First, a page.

Entrepreneurship and Michael Dell’s Content, Commerce, & Community

Entrepreneurship and Michael Dell’s Content, Commerce, & Community




If you want to be an entrepreneur, who better to study than Michael Dell? He is an inspiration to entrepreneurs everywhere. Starting in his college dorm room building computers, his understanding of business has made him an icon of success in the arena of technology businesses.

In two keynote addresses given almost a decade ago, Michael Dell defined three principles or concepts for successful internet businesses. Much of what he suggested is now standard practice and in some situations has been taken further than he probably imagined.

Theses principles are sometimes referred to as the 3 C’s. They are content, commerce and community. Careful study of these three principles can help entrepreneurs, those with home based businesses, and network marketers.

The first of the 3 C’s is content.

How did Michael Dell define content? Listen to the words he uses to define it for the Detroit Economic Club on November 1, 1999, “The first stage of content method providing powerful information. This is how we started our online operations in 1993, when we put our technical databases online for customers to access. It was a comparatively simple start, but it showed us the tremendous interest from our customers.”

At the keynote address at the Southwest Government Technology Conference in 2000, he made similar suggestions to the ones he made earlier in that Detroit meeting.

He suggested this: “By content, we average bringing information online. Anytime you have a form, a manual, or a document, put it online. This is the foundation of any Internet strategy. Once we brought information online, it became clear to us where the opportunities were in the transaction world: simple things like order position and commerce, and we have additional more complicate things over time. The meaningful, again, is that it is experiential and you learn by doing.”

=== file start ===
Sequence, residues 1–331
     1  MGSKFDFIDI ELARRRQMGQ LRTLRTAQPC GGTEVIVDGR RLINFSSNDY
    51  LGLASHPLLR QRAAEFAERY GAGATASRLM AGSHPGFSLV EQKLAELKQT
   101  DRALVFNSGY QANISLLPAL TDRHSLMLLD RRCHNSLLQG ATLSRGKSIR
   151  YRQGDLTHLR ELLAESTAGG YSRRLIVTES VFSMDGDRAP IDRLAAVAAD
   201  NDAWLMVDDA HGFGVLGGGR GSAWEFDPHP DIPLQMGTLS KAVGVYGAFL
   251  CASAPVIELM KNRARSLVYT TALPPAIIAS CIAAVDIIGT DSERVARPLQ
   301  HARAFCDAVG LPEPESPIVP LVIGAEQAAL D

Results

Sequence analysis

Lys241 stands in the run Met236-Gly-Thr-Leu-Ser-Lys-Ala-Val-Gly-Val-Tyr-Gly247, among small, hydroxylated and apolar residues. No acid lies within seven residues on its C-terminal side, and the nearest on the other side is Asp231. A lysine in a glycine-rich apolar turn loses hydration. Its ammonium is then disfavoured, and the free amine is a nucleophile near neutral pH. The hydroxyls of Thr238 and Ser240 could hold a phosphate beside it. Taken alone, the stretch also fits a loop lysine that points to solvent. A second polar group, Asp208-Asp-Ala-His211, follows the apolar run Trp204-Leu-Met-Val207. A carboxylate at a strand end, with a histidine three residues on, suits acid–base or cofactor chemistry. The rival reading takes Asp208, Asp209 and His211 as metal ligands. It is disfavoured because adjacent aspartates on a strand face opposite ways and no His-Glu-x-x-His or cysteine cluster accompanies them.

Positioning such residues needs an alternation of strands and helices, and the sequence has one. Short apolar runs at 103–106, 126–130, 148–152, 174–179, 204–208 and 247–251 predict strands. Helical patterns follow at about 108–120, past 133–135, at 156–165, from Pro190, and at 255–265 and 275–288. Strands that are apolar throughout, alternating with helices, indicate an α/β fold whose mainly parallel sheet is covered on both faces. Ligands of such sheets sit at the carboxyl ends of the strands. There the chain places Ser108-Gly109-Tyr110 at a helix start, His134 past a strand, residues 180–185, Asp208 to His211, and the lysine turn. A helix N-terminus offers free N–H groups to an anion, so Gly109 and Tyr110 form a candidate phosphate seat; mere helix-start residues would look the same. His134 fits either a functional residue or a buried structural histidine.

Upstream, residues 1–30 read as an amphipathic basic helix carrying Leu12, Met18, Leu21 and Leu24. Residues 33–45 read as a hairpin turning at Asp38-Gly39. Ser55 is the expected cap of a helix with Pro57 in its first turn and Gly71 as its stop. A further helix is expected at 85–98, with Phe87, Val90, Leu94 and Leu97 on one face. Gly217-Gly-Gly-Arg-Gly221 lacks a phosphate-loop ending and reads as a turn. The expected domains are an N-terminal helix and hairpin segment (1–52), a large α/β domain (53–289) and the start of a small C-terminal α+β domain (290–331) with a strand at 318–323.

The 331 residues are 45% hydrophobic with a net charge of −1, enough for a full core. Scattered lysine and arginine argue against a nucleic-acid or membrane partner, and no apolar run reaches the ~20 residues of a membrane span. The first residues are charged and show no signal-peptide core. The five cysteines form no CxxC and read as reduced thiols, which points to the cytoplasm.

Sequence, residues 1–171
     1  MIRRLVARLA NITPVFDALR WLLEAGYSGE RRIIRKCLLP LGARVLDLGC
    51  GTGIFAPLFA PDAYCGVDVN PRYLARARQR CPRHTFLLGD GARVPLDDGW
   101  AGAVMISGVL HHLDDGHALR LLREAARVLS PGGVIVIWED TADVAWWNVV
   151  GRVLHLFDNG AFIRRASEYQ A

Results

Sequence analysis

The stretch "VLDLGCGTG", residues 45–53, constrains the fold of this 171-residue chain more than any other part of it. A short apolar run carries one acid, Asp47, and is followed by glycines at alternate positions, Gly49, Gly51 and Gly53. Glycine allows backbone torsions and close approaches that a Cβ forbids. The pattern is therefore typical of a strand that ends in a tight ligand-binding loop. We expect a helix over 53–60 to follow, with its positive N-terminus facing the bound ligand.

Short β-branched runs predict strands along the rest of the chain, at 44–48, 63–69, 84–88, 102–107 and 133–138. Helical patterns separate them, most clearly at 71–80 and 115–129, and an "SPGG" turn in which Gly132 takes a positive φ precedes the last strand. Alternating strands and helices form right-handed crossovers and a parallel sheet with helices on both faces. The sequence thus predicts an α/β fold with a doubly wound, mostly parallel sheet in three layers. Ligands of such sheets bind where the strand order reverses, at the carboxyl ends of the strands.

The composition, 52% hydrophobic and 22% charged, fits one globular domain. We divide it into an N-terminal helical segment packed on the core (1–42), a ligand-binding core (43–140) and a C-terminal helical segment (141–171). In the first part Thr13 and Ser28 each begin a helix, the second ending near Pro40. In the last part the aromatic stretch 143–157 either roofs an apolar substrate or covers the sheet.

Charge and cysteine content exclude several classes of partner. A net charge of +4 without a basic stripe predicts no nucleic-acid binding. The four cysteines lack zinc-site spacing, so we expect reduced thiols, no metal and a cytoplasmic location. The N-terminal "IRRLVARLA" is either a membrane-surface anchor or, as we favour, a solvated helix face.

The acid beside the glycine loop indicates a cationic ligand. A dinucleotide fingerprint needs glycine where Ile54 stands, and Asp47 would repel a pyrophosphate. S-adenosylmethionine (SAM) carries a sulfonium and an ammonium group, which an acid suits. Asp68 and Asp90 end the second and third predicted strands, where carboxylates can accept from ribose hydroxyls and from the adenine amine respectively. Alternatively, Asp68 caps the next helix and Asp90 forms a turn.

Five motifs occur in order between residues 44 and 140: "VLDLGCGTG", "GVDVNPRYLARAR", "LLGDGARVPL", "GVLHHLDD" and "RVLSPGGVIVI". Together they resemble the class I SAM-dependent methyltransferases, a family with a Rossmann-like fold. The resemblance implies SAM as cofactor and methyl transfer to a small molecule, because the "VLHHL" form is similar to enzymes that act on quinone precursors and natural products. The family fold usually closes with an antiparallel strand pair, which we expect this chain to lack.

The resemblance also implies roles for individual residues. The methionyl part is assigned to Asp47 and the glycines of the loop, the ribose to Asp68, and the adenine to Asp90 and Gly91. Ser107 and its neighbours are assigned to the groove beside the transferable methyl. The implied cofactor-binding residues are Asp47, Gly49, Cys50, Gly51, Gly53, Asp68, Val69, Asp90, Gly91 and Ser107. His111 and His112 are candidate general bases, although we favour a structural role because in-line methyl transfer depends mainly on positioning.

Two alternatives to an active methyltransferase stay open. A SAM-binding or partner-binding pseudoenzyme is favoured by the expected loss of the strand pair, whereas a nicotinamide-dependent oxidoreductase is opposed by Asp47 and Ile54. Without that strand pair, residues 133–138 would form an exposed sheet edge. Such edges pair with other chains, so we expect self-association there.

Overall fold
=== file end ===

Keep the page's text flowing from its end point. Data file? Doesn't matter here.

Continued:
If you want to be an entrepreneur, what is the content you already have, what content do you need to develop?

Look at your present or future business from the content perspective? Define your content. Learn from those who have produced that kind of content. Do what they did to create it.

You need products or sets to provide to customers. Make a list of the content they will need to explain, troubleshoot, access, or know about your goods and sets. A viable business start-up needs content tied to real-world products or sets.

The second of the 3 C’s is commerce.

Read how Mr. Dell defined it in Detroit, “The next stage is commerce, which should be thought of as all transactions, not just buying things over the web. In fact, our first activity in this area had nothing to do with purchasing. It was simply order position.”

A few months later at the conference in the Southwest he reiterated, “The second stage is commerce. You should think of this as any kind of transactions. Our first experiment with transactions really had nothing to do with “commerce.” It was an online order position tool. We knew we were on to something when, in the first week, five thousand customers used this tool — and we didn’t already advertise that it was out there. This formed the foundation of our online sales effort.”

He continued, “Our ultimate goal is to deepen relationships with customers by providing additional convenience, efficiency, and cost savings, and a wider range of sets. The Internet creates an opportunity to move these meaningful transactions online and excursion transaction cost to almost zero.”

Does your commerce course of action resonate with Michael Dell’s suggestion? Think about the last quote. “The ultimate goal is to deepen relationships.” Commerce aspects may reduce costs and increase efficiency, but with a purpose. The ultimate goal is C # 3 which is community.

How important is community, the third C?

According to Mr. Dell, “The final stage is developing an online community. We are building two-way relationships over the web with both our customers and our suppliers.” – Detroit Economic Club.

He went on to express the goal of “establishing communities of suppliers and end users that proportion shared interests”.

At the later conference in the Southwest he ended by observing, “In summary, the Internet is changing the confront of the complete economic and social structure of not only this country but the complete world, and governments have a great opportunity to embrace it. We are seeing a change from a brick-and-mortar government to an online government. The advantages will include things like velocity, efficiency, and a better customer experience.”

The internet has matured since Michael Dell first talked about the 3 C’s, but as a form they nevertheless make sense. If anything, community has become already more important. They are not a grocery list to pick one to keep and one to leave.

Today community is so important that it has ushered in a rebirth of web marketing, often called Web 2.0. It depends on social marketing, blogs, myspace and other elements to build that community. Content and commerce both serve the final C of community. It is in community where loyalities, relationships, and trust are built.

Where there is community there are repeat customers. Community-building is a vital skill to have if you want to be an entrepreneur.




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